The other day, I got a phone call and the displayed phone number was one I didn’t recognize. My son was on the other end of the line — with a big surprise.
Turned out he went into the pool with his iPhone and within the space of two seconds realized what he’d done. It was enough to kill the phone, and we spent that evening buying him a replacement and restoring his backup.
That’s when I got to thinking that it’s the little situations like these that lots of people overlook but that I capitalize on for writing. See, life’s surprises are a lot like book surprises. And readers expect them. End of chapter hooks. Cliffhangers. Tension. All the good stuff that keeps them turning the pages. Readers may not be able to express when something like that’s missing from a story the way a reader or book critiquer or editor would, but they’ll be able to show their dissatisfaction by not finishing the book or not buying any others that an author’s written.
So how does a writer deliver what a reader wants?
Years ago, I spent a lot of time in a closed writers’ group run by Jennifer Crusie, and the one thing she kept beating into our heads was that every page must have conflict or tension. It needs a protagonist with a goal and an antagonist with an opposing goal. That doesn’t mean the characters have to fight or brawl, but it does mean that what each character wants should come into direct conflict with the other’s.
Think about it.
Two people meet. Instant attraction. They spend time together. It sounds nice, but that’s not what makes readers turn the pages.
Now think of those two same people and add in some tension. They work together, maybe even the same department, and there’s a company rule stating that people in the same department can’t date. The man and the woman both want to continue the relationship but neither one wants to leave their job because they’re both up for a promotion. Then they realize they’re both up for the same promotion.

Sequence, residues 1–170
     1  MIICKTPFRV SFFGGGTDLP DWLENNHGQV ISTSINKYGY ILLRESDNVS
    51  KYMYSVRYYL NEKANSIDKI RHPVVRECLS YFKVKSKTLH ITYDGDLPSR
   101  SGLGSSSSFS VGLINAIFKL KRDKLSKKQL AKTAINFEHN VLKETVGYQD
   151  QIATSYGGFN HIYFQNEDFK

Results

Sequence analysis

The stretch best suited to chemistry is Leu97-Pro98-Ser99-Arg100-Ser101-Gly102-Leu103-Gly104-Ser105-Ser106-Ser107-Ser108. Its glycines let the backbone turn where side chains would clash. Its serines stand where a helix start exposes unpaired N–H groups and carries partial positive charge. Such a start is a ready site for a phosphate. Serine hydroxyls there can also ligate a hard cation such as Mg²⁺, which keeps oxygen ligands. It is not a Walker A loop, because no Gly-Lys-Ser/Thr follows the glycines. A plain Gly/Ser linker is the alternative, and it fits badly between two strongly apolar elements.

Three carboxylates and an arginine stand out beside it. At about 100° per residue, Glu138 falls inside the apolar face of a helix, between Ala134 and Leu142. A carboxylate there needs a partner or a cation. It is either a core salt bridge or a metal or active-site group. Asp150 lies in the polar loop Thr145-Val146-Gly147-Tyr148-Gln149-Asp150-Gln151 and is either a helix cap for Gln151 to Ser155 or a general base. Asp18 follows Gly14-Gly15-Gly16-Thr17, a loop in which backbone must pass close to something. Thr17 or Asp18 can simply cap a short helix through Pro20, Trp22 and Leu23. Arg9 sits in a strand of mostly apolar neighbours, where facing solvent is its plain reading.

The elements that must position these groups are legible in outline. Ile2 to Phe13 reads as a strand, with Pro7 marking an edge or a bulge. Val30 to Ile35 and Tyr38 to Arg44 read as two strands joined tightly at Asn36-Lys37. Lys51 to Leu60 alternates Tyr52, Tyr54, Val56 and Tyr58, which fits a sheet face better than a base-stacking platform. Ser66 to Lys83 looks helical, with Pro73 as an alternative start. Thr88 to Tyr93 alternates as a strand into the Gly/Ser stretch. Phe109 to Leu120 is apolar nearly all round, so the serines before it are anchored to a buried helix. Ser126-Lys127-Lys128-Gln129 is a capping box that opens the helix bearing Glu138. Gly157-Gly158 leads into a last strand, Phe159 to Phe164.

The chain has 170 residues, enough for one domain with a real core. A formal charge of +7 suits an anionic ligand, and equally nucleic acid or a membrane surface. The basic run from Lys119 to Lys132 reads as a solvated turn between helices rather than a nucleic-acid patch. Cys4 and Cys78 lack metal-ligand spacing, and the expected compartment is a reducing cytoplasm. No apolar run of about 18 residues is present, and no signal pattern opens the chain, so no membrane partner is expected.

Robert Crais is a master at this. Ever read his book, Taken? It starts with what I think has got to be the most masterful prologue in writing. Not only does the novel have break-neck writing, it grabs you from the very first page — and keeps going right through to the very end. Harlan Coben is great at this, too. You’ll even see this in blockbuster movies as well. Iron Man had tons of conflict — will he survive? Will the bad guys get him? Will Obadiah get his way and squash Tony and take over the business?
The thing is, writing like this doesn’t come easily or naturally. So what I’ve learned to do (and this was a tidbit given to me by a fellow writer in another writer’s group I belong to) is to compare my manuscript against a well-known author’s. For example, I might open my story to page 100 and then open the author’s book to page 100 and do a comparison. Nine times out of ten, that well-known author has conflict or tension on the page. Any page. And, if mine doesn’t, I know that I have to do some editing, maybe even a lot of it.
So what movies or books do you love? Do you have a favorite and, if so, why? I’d love to know and I’m willing to bet that it’s because much of it has to do with conflict.
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